Scales for Justice

Working towards peace and reconciliation



Complaint Procedure

On 18 June 2007, the Human Rights Council adopted a resolution entitled “Institution-Building of the United Nations Human Rights Council” by which a new complaint procedure was established to address consistent patterns of gross and reliably attested violations of all human rights and all fundamental freedoms occurring in any part of the world and under any circumstances.  

The complaint procedure addresses communications submitted by individuals, groups, or NGOs that claim to be victims of human rights violations or that have direct, reliable knowledge of such violations.

How does the complaint procedure work?

The Chairperson of the Working Group on Communications, together with the Secretariat, undertake an initial screening of communications. Ill -founded and anonymous communications are screened out. Communications not rejected in the initial screening are transmitted to the State concerned to obtain its views on the allegations of violations. Both the author of a communication and the State concerned are informed of the proceedings at each stage.  

Two distinct working groups - the Working Group on Communications and the Working Group on Situations – are responsible, respectively, for examining written communications and bringing consistent patterns of gross and reliably attested violations of human rights and fundamental freedoms to the attention of the Council.  

What are the criteria for a communication to be accepted for examination?

A communication related to a violation of human rights and fundamental freedoms is admissible, provided that:  

  •  It is not manifestly politically motivated and its object is consistent with the Charter of the United Nations, the Universal Declaration of Human Rights and other applicable instruments in the field of human rights law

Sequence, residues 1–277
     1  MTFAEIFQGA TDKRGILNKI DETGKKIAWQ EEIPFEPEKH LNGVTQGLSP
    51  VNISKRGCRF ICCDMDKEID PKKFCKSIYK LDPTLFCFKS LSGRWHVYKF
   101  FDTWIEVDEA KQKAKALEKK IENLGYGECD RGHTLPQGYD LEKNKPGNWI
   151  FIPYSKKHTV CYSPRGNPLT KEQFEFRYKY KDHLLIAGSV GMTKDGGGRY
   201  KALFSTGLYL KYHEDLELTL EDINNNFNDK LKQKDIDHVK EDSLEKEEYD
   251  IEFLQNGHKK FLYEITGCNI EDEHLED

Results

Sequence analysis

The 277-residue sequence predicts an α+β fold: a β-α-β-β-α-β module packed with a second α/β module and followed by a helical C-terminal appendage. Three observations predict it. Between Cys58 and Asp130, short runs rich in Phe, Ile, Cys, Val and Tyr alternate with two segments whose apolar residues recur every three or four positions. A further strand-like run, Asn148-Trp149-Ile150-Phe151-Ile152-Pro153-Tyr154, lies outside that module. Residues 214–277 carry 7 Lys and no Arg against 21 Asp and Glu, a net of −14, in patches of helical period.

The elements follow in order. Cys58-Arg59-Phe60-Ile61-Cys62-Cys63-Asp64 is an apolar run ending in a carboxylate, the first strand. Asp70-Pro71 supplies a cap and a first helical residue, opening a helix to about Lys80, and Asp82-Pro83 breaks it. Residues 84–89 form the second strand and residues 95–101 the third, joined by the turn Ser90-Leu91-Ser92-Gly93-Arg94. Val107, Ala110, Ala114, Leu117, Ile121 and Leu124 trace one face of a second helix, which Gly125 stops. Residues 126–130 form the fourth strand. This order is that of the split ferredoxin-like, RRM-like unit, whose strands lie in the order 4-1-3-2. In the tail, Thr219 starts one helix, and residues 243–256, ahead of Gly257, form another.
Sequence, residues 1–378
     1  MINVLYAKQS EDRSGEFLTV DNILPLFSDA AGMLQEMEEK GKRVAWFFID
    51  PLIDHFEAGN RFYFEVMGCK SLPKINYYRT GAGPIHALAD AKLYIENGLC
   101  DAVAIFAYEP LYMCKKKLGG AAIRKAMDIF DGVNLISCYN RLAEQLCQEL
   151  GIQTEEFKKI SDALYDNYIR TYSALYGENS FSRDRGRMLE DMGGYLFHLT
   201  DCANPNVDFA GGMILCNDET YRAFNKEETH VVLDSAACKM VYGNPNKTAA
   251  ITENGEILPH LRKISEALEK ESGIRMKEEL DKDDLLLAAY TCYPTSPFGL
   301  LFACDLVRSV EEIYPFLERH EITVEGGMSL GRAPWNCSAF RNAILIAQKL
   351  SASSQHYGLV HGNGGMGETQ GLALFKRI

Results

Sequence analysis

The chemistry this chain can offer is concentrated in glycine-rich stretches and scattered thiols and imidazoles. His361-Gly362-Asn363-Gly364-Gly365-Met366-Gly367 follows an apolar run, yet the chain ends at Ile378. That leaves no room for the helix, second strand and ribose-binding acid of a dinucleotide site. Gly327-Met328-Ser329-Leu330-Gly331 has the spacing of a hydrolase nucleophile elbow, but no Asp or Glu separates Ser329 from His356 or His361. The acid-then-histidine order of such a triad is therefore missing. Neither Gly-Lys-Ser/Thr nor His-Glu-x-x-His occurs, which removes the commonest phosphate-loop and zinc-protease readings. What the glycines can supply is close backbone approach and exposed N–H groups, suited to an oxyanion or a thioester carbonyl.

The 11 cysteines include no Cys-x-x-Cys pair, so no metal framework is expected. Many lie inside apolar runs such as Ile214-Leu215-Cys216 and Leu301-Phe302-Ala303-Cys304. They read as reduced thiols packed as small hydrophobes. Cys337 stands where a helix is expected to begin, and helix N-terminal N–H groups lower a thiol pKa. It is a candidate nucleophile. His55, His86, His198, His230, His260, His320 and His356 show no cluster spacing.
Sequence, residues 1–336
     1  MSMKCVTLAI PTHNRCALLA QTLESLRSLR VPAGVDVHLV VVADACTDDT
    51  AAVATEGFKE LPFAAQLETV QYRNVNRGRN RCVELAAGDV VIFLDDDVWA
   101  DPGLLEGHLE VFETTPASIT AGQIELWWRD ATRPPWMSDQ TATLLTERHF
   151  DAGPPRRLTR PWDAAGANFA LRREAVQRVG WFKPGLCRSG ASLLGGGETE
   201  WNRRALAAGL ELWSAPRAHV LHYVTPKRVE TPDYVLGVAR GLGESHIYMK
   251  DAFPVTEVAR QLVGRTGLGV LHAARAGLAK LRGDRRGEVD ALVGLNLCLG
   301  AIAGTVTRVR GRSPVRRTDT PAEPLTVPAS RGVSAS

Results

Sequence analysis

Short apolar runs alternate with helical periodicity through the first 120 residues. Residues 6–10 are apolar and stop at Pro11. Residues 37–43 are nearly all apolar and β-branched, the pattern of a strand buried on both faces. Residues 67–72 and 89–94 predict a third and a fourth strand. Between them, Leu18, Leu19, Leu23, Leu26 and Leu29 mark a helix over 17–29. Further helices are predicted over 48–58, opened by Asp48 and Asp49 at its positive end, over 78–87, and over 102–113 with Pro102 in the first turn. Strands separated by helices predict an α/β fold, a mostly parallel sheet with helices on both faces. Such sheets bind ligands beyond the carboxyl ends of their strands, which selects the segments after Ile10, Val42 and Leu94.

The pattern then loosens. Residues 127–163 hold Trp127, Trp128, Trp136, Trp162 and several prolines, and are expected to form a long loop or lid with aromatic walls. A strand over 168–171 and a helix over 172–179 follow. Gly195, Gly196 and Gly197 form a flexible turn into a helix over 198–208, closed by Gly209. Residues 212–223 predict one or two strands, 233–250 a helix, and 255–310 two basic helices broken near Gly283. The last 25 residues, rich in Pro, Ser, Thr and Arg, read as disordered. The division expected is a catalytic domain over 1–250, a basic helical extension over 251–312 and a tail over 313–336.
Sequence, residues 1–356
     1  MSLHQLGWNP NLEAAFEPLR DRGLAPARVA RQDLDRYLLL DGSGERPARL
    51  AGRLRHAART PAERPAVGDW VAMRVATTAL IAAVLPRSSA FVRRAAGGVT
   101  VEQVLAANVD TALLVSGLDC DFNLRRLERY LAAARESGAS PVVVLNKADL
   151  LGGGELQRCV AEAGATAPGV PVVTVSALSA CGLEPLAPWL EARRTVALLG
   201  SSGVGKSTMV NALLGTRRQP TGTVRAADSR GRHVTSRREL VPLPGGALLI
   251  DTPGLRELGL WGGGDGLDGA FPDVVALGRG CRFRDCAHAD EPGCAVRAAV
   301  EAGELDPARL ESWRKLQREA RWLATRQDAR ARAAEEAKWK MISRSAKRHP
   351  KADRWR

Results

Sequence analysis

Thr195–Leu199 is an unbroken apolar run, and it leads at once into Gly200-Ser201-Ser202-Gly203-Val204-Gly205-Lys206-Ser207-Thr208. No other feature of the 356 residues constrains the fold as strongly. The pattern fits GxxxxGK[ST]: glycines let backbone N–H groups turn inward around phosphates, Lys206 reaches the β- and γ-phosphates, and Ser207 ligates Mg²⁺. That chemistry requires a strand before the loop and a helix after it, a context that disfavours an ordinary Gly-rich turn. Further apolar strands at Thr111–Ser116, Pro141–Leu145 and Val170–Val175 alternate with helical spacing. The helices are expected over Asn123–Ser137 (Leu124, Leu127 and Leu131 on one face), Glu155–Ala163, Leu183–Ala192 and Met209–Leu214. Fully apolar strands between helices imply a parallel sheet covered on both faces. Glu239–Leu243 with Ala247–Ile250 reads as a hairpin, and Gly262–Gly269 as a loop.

• It gives a factual description of the alleged violations, including the rights which are alleged to be violated
  • ts language is not abusive. However, such a communication may be considered if it meets the other criteria for admissibility after deletion of the abusive language;
  • It is submitted by a person or a group of persons claiming to be the victims of violations of human rights and fundamental freedoms, or by any person or group of persons, including non‑governmental organizations, acting in good faith in accordance with the principles of human rights, not resorting to politically motivated stands contrary to the provisions of the Charter of the United Nations and claiming to have direct and reliable knowledge of the violations concerned. Nonetheless, reliably attested communications shall not be inadmissible solely because the knowledge of the individual authors is second-hand, provided that they are accompanied by clear evidence;
  • It is not exclusively based on reports disseminated by mass media;
  • It does not refer to a case that appears to reveal a consistent pattern of gross and reliably attested violations of human rights already being dealt with by a special procedure, a treaty body or other United Nations or similar regional complaints procedure in the field of human rights;Domestic remedies have been exhausted, unless it appears that such remedies would be ineffective or unreasonably prolonged.

What can Civil Society do?

NGOs, may serve as effective means of addressing individual human rights violations. In cases that meet the abovementioned criteria Scales for Justice (S4J) will study the case, draft a communication to the Complaint Procedure and follow-up with the mechanism. It will further publish its findings on the website and advocate for the case during the relevant meetings at the UN.

Source: OHCHR